Posted December 2, 2016 in Swine
This presents itself as a failure of milk let down associated with excess fluid in the mammary tissues and is a condition seen in both gilts and sows. The oedema or fluid can be both in the skin and deep in the udder tissue. The pressure produced in the glands, once farrowing has ceased, prevents a good milk flow and there is a reduction in both the quantity and quality of the colostrum which means a lowered immune status of the piglet.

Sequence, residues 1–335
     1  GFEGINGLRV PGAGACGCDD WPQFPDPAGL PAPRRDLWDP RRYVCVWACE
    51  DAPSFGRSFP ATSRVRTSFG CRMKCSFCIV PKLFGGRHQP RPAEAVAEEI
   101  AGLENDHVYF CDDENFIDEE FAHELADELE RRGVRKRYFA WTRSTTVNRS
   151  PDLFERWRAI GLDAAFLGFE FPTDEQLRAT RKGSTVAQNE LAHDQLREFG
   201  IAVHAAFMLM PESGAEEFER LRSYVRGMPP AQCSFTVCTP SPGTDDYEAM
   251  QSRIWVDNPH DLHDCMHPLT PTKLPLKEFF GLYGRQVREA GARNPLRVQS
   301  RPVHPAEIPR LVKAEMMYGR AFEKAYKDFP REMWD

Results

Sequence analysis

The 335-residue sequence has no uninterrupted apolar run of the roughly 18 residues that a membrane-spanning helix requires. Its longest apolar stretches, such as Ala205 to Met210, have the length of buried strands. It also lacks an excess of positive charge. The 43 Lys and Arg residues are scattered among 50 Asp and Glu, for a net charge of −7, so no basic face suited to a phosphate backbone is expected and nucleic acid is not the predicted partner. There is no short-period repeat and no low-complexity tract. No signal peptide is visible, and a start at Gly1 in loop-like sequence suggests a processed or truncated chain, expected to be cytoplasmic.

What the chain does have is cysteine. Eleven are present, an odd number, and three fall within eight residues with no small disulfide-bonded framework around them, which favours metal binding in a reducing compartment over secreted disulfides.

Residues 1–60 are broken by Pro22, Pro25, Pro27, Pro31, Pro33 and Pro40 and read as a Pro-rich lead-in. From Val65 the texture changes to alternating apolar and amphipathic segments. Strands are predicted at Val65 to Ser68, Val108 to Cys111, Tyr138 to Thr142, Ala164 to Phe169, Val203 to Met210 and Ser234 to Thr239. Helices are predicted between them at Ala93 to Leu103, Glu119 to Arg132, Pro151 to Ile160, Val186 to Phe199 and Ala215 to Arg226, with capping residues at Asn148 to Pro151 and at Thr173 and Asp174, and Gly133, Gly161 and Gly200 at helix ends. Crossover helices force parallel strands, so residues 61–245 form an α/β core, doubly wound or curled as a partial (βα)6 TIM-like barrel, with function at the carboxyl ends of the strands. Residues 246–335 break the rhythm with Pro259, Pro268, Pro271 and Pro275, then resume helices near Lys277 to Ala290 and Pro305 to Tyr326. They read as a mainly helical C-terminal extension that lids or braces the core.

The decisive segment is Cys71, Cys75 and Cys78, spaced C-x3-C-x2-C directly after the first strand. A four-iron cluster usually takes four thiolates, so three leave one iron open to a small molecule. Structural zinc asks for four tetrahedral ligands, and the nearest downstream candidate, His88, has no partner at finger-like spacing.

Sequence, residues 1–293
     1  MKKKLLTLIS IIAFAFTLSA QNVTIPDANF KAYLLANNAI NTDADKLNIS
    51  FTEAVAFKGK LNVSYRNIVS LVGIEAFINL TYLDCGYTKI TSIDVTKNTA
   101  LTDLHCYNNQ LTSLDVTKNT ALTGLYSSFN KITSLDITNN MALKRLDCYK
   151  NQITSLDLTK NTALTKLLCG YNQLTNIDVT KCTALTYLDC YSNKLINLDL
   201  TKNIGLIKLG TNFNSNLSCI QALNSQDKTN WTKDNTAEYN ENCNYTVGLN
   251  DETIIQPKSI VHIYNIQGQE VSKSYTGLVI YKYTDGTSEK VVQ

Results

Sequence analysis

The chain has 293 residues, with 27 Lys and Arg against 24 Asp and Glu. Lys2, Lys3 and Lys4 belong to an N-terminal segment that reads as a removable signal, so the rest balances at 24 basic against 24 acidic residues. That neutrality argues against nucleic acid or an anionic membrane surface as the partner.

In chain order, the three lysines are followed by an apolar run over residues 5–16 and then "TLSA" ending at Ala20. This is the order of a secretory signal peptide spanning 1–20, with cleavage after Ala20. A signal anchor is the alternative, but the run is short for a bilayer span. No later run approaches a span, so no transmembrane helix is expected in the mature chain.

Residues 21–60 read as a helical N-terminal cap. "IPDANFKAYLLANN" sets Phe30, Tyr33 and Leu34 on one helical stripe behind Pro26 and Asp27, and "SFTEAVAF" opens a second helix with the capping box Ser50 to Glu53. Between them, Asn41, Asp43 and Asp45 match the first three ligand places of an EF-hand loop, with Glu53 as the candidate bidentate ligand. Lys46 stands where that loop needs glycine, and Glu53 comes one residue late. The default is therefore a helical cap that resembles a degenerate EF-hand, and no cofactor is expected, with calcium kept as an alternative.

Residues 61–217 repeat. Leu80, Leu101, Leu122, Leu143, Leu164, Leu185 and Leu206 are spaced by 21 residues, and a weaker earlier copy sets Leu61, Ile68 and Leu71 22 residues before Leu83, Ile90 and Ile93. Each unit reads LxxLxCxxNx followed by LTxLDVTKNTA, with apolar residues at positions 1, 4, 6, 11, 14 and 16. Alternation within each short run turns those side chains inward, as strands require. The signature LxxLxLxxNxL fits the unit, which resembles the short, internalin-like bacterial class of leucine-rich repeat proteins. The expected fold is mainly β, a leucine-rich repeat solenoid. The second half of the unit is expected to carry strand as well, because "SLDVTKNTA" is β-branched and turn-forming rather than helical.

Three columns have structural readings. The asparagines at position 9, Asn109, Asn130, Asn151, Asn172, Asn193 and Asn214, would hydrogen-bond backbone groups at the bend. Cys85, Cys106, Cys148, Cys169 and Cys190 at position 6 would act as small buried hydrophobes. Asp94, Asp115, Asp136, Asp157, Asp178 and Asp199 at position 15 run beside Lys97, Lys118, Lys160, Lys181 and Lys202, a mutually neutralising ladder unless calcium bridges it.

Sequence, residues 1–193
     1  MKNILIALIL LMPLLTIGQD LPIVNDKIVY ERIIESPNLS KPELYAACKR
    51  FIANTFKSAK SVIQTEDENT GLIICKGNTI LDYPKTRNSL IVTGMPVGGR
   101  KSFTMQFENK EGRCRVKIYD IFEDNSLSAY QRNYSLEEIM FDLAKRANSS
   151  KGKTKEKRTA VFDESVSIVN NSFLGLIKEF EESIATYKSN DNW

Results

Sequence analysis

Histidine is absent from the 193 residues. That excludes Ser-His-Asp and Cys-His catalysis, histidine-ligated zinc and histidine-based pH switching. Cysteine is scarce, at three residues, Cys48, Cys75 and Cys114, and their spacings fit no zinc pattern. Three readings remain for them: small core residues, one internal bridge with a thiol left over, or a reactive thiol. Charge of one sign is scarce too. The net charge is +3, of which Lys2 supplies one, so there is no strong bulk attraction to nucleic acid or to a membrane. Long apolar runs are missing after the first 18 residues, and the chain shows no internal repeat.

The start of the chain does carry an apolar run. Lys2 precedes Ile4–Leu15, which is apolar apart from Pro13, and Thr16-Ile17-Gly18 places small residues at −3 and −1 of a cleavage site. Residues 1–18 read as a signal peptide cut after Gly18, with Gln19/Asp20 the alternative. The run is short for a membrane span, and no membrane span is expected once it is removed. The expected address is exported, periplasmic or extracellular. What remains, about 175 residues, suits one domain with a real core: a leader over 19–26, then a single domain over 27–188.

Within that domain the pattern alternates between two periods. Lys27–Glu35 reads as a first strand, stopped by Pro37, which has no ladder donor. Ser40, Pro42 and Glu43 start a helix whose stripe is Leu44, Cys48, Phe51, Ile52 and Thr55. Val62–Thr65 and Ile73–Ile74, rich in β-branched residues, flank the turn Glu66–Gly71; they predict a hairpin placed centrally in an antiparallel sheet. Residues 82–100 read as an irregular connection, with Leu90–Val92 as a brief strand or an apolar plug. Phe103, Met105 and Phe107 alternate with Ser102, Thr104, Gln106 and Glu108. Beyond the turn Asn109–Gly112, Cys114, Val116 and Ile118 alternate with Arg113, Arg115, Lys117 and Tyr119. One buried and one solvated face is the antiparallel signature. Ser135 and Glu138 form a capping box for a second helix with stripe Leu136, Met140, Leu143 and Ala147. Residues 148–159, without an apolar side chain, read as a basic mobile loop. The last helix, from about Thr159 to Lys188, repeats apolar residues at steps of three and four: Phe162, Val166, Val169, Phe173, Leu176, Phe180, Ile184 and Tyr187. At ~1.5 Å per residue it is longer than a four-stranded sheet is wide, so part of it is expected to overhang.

Severe oedema, particularly in the rear glands, may result in poor accessibility of teats at sucking time. Such glands often dry off. When piglets eventually find the teat they will not thrive but waste away.
Usually there is a history on the farm of poor milking amongst all ages and one or two pigs per litter having to be fostered at around 5 to 7 days of age due to poor growth. Scouring problems can sometimes be related back to udder oedema and a poor intake of colostrum.
Symptoms in Sows
Causes / Contributing factors
This is based on the demonstration of oedema of the udder by appearance and palpation and the appearance of the litter. Oedema and congestion can lead to mastitis.